Interview with Coach Hughes, University of Arizona’s women’s Wheelchair Basketball Team Coach and


Interview with Coach Hughes, University of Arizona’s women’s Wheelchair Basketball Team Coach and founding member of Wheelchair Athletes Worldwide

Peter Hughes has been a coach with the University of Arizona for 10 years.  He has a Bachelor’s degree in Adapted Physical Education from San Diego State University and a Master’s degree in Education (Exercise and Sport Psychology) from the University of Western Australia where he was introduced to wheelchairs sports. Pete first moved to Tucson in 2004 to play wheelchair basketball for the University and in 2005 started coaching here.  His first three years he coached the Track and Road Racing team coaching several Paralympian’s before moving over to coach the Women’s Wheelchair basketball team.  The last four seasons the women’s wheelchair basketball team has gone to the NWBA finals four times in a row and has won two championships.  Pete also coordinates the JAWS (Juniors Active in Wheelchair Sports) program for the University.  A free program that promotes fitness and sports for the mobility impaired population of Southern Arizona.  He is a founding member of Wheelchair Athletes Worldwide, a non-profit organization that donates and coaches wheelchair sports in countries that does not have the same opportunities as they do in the USA.  An advocate for individuals with disabilities, in March of this year joined the ALS Arizona team to help educated and promote awareness in Tucson and southern Arizona as well as help assist families coping with ALS.  


Q.How did you start get involved with wheelchair basketball?

I was an “American Football” coach in the USA when I decided to study abroad.  I went to the University of Western Australia and received my Masters degree in Sport Psychology working with disabled sports programs.  One of the coaches made me my first wheelchair and I started playing.  Returned to the USA and started getting more competitive.  Decided to and was offered a scholarship to attend the University of Arizona to play wheelchair basketball where I studied Business. When my wife and I were expecting our first child I “settled down” and starting coaching wheelchair sports (First wheelchair Track and Road Racing then Women’s Wheelchair Basketball.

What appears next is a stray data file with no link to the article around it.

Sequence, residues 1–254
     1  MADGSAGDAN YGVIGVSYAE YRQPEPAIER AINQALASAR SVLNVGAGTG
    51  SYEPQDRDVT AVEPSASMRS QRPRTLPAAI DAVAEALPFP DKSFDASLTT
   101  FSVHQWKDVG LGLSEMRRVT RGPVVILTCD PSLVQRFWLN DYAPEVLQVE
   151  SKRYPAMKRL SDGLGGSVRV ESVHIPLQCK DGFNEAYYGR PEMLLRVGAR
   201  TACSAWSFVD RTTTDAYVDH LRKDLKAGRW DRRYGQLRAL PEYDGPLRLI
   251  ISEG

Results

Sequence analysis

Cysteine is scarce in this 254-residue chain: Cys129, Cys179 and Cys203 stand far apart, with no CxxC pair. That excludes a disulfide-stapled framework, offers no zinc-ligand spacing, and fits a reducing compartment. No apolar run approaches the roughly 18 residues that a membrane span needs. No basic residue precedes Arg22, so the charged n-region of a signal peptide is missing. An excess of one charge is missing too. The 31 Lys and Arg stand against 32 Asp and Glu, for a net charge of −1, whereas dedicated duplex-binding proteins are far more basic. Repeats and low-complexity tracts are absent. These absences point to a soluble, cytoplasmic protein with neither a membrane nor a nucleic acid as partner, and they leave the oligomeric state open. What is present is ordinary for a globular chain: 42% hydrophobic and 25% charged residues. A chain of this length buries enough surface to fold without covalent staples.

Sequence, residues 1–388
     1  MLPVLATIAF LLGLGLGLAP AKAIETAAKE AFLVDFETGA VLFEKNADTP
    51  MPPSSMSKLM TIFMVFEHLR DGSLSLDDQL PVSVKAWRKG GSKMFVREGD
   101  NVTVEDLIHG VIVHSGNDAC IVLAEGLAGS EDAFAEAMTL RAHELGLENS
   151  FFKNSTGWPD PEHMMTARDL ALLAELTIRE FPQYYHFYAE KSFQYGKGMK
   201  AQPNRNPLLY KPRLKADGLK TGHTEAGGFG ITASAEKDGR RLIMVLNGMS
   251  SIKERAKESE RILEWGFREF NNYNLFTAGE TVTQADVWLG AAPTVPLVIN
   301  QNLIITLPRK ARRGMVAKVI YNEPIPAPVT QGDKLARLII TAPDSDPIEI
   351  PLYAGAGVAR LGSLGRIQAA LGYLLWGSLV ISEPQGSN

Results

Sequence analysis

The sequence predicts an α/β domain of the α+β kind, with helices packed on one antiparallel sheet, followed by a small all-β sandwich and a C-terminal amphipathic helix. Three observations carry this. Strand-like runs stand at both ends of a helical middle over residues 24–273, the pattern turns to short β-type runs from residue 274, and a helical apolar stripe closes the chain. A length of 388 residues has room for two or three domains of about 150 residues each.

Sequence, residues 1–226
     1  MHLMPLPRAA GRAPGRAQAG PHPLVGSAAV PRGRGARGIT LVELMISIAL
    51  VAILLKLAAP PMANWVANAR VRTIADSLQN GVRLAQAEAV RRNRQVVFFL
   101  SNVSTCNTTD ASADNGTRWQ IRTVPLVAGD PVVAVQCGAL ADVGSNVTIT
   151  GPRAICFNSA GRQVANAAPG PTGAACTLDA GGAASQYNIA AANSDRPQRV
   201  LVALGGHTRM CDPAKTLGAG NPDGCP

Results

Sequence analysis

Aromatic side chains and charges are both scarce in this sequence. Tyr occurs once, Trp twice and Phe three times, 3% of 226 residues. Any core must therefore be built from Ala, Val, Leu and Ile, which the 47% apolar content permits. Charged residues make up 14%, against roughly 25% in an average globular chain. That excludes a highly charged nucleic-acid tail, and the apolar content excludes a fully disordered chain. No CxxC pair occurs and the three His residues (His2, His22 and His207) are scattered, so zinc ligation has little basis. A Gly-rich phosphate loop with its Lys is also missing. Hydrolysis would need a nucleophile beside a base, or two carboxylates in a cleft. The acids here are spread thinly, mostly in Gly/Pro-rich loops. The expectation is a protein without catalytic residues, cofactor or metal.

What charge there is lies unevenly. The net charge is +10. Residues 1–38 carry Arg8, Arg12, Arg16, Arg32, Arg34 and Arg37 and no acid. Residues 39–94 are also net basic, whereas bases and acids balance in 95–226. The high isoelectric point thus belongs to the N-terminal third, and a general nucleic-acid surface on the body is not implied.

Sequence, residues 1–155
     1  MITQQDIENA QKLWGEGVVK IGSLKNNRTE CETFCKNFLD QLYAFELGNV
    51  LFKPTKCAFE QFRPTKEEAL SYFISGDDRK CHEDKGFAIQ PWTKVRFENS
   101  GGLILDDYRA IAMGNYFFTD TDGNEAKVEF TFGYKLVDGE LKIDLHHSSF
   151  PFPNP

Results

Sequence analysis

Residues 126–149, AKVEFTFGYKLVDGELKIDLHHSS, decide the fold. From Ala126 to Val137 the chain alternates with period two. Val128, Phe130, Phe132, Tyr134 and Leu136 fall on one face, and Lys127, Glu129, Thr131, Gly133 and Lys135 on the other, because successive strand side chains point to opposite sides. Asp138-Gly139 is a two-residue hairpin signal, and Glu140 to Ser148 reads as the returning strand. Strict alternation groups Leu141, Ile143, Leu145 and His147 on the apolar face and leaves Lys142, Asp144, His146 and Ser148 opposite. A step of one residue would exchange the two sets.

Q.Can you explain how wheelchair basketball is organized in the USA?

Wheelchair Basketball in the United States is played under one organization.. The NWBA (NWBA.ORG) and several different divisions are underneath the charter organization.  There is a Championship Division for the elite level players, a Division 3 for beginners, a Women’s Division for just women and a Collegiate women’s and Men’s Division (reserved only for full time students at Universities.  Additionally there are three Junior divisions Prep (for 3-7 year olds, Junior Varsity for 8-14 and Varsity for 15-18 year olds.  Every April all the teams meet their Championships (Women’s and College hold theirs separately in March)  Do you have college based competitions? There are several college teams and yes they play each other for the Colligate championships.  Illinois, Missouri, Wisconsin, Texas, Arizona, Pennsylvania are all states that host collage programs.  Our program at the University of Arizona is the largest in the nation supporting not only Men’s and Women’s Wheelchair Basketball but also Wheelchair Track/Road Racing, Hand cycling, Wheelchair Rugby, and Wheelchair Tennis.  Do you have a national league too? We do have a National league  How does it work? Your team declares for a division (My University actually plays in the Championship Division for Men and the Women’s division for women.  We do not play in the College division as we allow some non-students to play on our team if they live locally.

Q.Do you have lots of sponsors?

We have some people that sponsor events.  We host a “Run and Roll fundraiser which people sponsor and fundraise for.  It raises money for our program and we are lucky enough to have a benefactor who years ago donated 1 million dollars to our program which established an endowment and funds to run the program. 

Q.Can you tell us about the WildCats, the female wheelchair basketball team of Arizona State University that you have been coaching for so many years?